I have a curiosity about homology spheres: I was wondering if they were uniquely characterized by their fundamental group. I.e. given two $n$dimensional (integral) homology spheres with isomorphic fundamental groups, are they homeomorphic? If not, how many homeomorphism classes corresponds to a given fundamental group?

8$\begingroup$ Pick an irreducible representative of an element $[M]$ of the homology cobordism group $\Theta_{\Bbb Z}^3$ that is not 2torsion. Then it does not support an orientationreversing homeomorphism. Examples are the Brieskorn spheres $\Sigma(p,q,pqk1)$ for $k \geq 1$ and $p,q$ relatively prime. Then $M \# M$ and $M \# \overline{M}$ provide counterexamples by prime decomposition. (If you demanded irreducible then your answer is of course 'yes' for 3manifolds because other than $\Sigma(2,3,5)$ and $S^3$, these are aspherical and the Borel conjecture is known in 3 dimensions). $\endgroup$– mmeCommented Jul 9, 2015 at 16:20
1 Answer
See edit at bottom for further information answering the question in all dimensions.
In all odd dimensions $2k 1 > 3$, there are nonhomeomorphic homology spheres with fundamental group G = the binary icosahedral group (fundamental group of the Poincaré homology sphere). This follows from basic surgery theory; the Wall group $L_{2k}(G)$ contains a subgroup of the form $\mathbb{Z}^n$ for some $n$ related to the number of irreducible complex representations of $G$. This subgroup is detected by the socalled multisignature, as described in Wall's book on surgery theory.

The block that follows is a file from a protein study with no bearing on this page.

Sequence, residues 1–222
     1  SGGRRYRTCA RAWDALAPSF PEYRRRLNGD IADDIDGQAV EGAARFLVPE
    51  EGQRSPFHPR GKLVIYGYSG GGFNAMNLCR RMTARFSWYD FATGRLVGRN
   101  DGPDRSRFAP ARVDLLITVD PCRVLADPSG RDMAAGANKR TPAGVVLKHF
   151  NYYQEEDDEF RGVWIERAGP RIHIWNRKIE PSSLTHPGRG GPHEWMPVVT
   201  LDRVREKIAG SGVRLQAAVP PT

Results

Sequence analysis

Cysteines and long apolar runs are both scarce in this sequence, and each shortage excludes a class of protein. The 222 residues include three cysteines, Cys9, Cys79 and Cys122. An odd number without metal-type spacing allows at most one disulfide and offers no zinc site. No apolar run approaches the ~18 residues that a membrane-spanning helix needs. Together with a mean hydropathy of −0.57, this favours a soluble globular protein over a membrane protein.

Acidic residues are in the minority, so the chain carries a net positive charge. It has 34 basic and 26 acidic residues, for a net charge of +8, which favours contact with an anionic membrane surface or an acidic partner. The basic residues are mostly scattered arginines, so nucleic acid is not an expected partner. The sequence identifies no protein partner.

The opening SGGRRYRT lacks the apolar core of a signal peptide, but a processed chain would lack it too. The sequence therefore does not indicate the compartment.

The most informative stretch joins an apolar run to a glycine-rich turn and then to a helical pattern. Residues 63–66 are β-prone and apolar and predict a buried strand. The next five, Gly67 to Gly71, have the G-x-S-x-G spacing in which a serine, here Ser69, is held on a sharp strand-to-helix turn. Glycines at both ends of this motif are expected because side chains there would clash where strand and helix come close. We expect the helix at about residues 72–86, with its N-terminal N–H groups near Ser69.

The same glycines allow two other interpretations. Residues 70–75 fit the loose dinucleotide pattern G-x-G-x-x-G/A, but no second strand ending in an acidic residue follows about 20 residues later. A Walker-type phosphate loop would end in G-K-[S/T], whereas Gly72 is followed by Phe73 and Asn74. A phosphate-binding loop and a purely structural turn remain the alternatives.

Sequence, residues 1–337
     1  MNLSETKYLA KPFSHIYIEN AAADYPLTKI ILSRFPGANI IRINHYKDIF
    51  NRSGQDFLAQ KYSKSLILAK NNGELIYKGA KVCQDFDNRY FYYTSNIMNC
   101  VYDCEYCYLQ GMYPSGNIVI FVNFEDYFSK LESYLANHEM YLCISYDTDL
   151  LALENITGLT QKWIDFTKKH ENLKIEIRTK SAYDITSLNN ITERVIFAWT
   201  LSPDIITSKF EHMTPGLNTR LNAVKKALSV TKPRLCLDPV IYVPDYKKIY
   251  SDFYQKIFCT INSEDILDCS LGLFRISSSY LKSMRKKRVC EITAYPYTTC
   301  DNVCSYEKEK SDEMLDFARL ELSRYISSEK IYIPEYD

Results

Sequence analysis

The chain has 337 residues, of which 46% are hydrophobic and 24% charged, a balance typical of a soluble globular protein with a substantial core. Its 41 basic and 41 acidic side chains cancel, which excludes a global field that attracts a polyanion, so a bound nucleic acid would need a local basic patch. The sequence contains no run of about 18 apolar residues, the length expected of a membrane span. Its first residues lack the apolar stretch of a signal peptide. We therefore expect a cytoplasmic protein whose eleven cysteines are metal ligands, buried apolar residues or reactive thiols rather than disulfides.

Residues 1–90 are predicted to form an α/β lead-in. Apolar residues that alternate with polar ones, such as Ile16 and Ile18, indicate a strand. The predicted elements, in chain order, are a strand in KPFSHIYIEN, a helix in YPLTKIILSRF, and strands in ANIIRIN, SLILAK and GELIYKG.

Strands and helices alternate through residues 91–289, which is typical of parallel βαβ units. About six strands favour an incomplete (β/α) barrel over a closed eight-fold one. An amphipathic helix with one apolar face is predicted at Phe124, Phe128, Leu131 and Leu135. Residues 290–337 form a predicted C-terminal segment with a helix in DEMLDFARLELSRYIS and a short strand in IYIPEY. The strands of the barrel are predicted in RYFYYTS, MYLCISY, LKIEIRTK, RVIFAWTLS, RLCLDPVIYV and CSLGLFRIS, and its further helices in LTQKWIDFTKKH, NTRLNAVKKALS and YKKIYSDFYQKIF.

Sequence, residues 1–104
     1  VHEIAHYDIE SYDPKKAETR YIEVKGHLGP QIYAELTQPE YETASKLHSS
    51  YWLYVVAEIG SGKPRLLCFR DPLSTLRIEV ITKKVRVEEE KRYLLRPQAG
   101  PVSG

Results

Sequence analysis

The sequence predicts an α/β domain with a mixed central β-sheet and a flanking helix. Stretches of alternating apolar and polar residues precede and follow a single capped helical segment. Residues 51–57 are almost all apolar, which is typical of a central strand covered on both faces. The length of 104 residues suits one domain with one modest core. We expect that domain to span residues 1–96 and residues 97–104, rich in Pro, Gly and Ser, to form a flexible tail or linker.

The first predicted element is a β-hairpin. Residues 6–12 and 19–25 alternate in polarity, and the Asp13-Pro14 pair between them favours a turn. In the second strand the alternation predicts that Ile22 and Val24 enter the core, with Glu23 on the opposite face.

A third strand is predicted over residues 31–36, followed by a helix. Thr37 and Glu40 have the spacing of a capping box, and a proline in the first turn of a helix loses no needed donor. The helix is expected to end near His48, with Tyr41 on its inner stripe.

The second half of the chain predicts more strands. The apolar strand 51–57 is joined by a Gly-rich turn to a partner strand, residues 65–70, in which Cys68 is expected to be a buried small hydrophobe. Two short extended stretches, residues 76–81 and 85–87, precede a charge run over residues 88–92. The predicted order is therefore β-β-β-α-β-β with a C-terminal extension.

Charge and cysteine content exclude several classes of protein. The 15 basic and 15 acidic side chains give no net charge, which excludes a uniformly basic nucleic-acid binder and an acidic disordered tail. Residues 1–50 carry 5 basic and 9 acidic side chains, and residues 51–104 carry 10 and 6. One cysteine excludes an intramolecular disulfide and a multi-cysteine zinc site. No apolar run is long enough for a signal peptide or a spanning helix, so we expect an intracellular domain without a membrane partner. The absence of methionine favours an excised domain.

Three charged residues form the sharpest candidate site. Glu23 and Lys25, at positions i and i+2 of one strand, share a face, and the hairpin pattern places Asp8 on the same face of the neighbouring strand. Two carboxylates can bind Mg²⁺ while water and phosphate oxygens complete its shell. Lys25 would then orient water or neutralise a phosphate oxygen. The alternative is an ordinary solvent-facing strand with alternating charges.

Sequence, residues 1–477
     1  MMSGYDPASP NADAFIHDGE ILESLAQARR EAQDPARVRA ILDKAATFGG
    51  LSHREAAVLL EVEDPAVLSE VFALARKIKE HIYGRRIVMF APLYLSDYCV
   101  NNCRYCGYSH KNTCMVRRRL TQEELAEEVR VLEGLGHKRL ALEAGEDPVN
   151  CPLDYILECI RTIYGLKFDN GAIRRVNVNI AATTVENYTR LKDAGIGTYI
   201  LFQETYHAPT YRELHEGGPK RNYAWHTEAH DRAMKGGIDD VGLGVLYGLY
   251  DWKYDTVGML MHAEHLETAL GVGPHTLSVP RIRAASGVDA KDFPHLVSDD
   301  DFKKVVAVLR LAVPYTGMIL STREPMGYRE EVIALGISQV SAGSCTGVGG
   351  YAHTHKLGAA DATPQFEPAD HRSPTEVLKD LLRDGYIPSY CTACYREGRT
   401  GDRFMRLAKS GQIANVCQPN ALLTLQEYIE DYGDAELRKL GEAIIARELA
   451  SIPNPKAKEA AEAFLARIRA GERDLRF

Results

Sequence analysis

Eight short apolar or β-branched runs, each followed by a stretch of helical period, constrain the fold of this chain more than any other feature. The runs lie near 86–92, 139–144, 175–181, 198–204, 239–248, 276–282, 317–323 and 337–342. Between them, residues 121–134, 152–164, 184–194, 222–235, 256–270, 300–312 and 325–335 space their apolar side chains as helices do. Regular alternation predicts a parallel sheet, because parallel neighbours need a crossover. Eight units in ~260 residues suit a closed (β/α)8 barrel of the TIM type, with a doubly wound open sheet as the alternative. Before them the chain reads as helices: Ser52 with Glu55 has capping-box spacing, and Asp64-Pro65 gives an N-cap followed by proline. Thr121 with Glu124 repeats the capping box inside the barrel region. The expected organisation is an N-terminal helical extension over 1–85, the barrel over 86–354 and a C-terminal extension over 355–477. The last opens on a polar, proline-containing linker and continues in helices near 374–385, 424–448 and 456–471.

Choose one homology sphere $M^{2k1}$ with $\pi_1(M) = G$. For instance, you can repeatedly spin the Poincaré sphere, where spinning $P$ means doing surgery on the obvious $S^1$ in $S^1\times P$. For any $M$ with $\pi_1(M) = G$, there's an invariant originally described by Atiyah and Singer. A priori, it's a smooth invariant, but is known to be a homeomorphism invariant. Roughly speaking, one knows that for some $d \in \mathbb{N}$, the manifold $d\cdot M$ is the boundary of a $2k$manifold $X$ with $\pi_1(X) = G$. Then $X$ has a collection of equivariant signatures (associated to the action of $G$ on the universal cover of $X$), known collectively as the multisignature. The multisignature (divided by $d$) is a topological invariant. (Technically, this is only welldefined up to a choice of isomorphism $\pi_1(X) \to G$ but this is readily dealt with.)
Now, the group $L_{2k}(G)$ acts on the structure set of $M$, as described in Wall's book. The effect of the action is to change the multisignature, and hence it changes the homeomorphism type of $M$. In this construction, you not only preserve the fundamental group, but also the (simple) homotopy type of $M$.
It's possible that acting on an evendimensional homology sphere $M^{2k}$ with fundamental group $G$ by elements of $L_{2k+1}(G)$ could change the homeomorphism type. But odd dimensional $L$groups are much harder, and you'd need some serious expertise to see what the effect should be. I rather suspect that you could do something simpler, and change the homology with local coefficients or something like that.
Addendum: There are two papers of Alex Suciu that answer this question in dimensions at least 4. In "Homology 4spheres with distinct kinvariants," Topology and its Applications 25 (1987) 103110, he gives examples of homology 4spheres with the same $\pi_1$ and $\pi_2$ that are not homotopy equivalent. In "Iterated spinning and homology spheres", Trans AMS 321 (1990) he constructs homology nspheres in dimensions $n \geq 5$ with the same property. Combined with the remarks above about dimension 3, this answers your question.